Not all of us want online classes, say private school teachers in TN

Online classes create a sense of discrimination among the students of the same class, diluting the essence of equal education for all, say teachers.
The teachers explaining a concept to the students
The teachers explaining a concept to the students
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Parents and students are not the only groups of people opposing the decision to conduct online classes. Some private school teachers have also joined in to oppose the move to conduct classes online. The online classes put the mental and physical health of students and teachers at risk, they say.

“Firstly, the health of the children gets affected because of the long hours of screen time in online classes. Hence the children get eye problems, headache and stress. Since the children are using headsets for long hours they are also getting problems in their ear drums,” says a teacher working in a private school in Chennai.

Educationists have been saying that the online classes are discriminatory towards government school students since most of the students cannot afford the equipment and other resources necessary, including uninterrupted broadband connections. However, teachers say that the online classes create discrimination even among the students of the same class in private schools.

Discriminates students of a class

The schools and classrooms that were meant to enforce equality, are now ending up pushing them to feel inferior if they cannot afford the same kinds of laptops or phones or headsets as their classmates, observe teachers.

“Parents and teachers are pushed to get laptops and phones. Families with two children and one gadget are finding it difficult to attend classes,” a Chennai-based teacher says.

Reiterating the same, Krishna Raj, state secretary of the Tamil Nadu Nursery, Primary, Matriculation and Higher Secondary Schools Welfare Association says, “We brought the Samacheer Kalvi (Common Syllabus) for state board schools to ensure equality among the students. However, now some schools are conducting online classes and diluting the basic aim of equal education.”

Fear of cyber crime, cyberbullying

In a video Additional Director General of Police Ravi said, “There is a significant increase in cybercrime, kindly monitor the activity of your family and especially the online activities of your children. There is a great increase in cyberbullying and hacking attempts.”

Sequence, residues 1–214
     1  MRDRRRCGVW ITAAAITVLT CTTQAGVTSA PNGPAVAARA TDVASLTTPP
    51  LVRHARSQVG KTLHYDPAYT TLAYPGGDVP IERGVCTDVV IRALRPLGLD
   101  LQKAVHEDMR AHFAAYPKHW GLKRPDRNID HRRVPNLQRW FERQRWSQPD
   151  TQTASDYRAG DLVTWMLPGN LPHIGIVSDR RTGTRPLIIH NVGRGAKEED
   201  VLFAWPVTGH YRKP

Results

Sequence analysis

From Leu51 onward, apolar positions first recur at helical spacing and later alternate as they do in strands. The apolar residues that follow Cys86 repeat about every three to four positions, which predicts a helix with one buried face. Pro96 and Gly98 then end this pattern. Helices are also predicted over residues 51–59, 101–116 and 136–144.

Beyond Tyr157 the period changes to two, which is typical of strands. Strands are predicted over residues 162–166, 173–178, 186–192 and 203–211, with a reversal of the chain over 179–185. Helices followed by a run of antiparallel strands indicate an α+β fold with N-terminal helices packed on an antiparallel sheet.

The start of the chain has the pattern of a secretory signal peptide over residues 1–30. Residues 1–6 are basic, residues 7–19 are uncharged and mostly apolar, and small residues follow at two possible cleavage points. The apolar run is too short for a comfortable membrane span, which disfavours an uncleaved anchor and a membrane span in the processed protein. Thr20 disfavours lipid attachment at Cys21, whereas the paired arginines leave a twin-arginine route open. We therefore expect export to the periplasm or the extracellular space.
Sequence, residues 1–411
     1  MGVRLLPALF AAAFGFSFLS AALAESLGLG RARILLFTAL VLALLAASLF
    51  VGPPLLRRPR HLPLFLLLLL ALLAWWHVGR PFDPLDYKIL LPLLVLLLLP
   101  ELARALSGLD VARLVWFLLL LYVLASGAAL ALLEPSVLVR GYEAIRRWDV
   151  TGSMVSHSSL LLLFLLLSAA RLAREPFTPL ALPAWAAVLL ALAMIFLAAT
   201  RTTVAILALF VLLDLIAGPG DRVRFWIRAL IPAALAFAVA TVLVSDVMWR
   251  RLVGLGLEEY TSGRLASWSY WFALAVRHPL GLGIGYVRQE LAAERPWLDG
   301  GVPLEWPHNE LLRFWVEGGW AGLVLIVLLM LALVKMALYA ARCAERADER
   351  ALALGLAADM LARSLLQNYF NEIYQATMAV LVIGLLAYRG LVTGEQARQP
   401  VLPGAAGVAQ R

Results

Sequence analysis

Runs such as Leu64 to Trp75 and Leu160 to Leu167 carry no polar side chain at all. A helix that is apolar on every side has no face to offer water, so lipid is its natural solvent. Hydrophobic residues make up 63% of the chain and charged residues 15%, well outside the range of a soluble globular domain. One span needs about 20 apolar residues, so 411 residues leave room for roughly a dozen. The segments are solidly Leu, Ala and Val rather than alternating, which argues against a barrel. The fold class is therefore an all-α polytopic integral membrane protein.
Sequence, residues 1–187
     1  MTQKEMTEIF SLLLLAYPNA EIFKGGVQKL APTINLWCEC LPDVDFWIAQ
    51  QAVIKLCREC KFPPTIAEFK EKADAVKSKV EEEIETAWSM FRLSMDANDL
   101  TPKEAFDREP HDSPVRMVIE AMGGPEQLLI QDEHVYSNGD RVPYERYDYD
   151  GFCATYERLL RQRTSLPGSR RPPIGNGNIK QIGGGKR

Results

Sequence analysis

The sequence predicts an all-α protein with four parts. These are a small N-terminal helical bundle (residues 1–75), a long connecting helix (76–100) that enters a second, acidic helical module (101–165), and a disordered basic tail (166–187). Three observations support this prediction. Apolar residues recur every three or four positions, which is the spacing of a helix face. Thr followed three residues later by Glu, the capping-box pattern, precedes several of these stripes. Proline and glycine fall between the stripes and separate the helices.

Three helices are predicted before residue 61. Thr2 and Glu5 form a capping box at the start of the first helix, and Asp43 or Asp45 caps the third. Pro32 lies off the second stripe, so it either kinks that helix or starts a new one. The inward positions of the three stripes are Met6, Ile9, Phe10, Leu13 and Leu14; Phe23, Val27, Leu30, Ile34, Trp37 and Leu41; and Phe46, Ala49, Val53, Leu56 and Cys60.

Cases have been registered in Uttar Pradesh where two Class 12 students accessed the IDs of two girl students who were absent for online classes, and posted lewd messages, pornographic content and obscene comments against a teacher in Azamgarh of Uttar Pradesh. The access to obscene content has not just affected the two students but all the students attending the online classes.

Another teacher says, “We were skeptical about introducing Zoom classes in my school. We were afraid of the security issues since we are involving our students in this. However, we held discussions for a month and we could not find other apps so we had to end up using Zoom.”

A Chennai based teacher says that the solution for the zoom classes could be that they record videos of the classes and share YouTube links with students. The students can watch the videos under parental supervision, whenever parents have the time to sit down with them. By this the students will understand the classes and they can also be monitored. In families with two children, the flow of classes will not be disturbed. “I proposed this in my school but the administration preferred to take classes online. However, if there is a next review meeting I will propose this again,” she says.

Teachers facing pay cuts

Though many private schools have forced their students to pay the fee amount, they are using COVID-19 as a means to cut the salaries of teachers. Most schools have either laid off teachers or are paying them on a per-class basis. This has raised concerns among the public that private teachers promote online classes to make a living, but that is a baseless allegation, teachers we spoke to say.

“We are taking zoom classes to survive but we are against the classes. If the government gives loans for private schools to tide over the crisis, many teachers will not want to take zoom classes,” a teacher says. 

Krishna Raj is also pushing for the government to give loans to private institutions to tide over the crisis. Many private schools want to pay teachers, but are unable to since there is no money for rotation, he says. 

“Private schools function based on the money paid by the public, but the lockdown has hit people financially. Hence, the government should provide money and if they disburse the funds, even the schools that are conducting online classes to receive fees will stop collecting the fees and will abide by the government order,” he says.

‘Schools running as businesses’

Private schools are conducting classes to maintain their brand identity amid the pandemic, the private school association has alleged. “If a school has to run online classes, they need at least 100 students who own a gadget to facilitate online learning. If that’s the case, how can then many private schools run online courses? So I will say that these are schools that have a brand name or are CBSE schools. Those schools do this as a business without considering the health of the students,” Krishna Raj says.

He said that forcing students to pay fees and attend online classes can even lead to higher dropout ratios, he warns.

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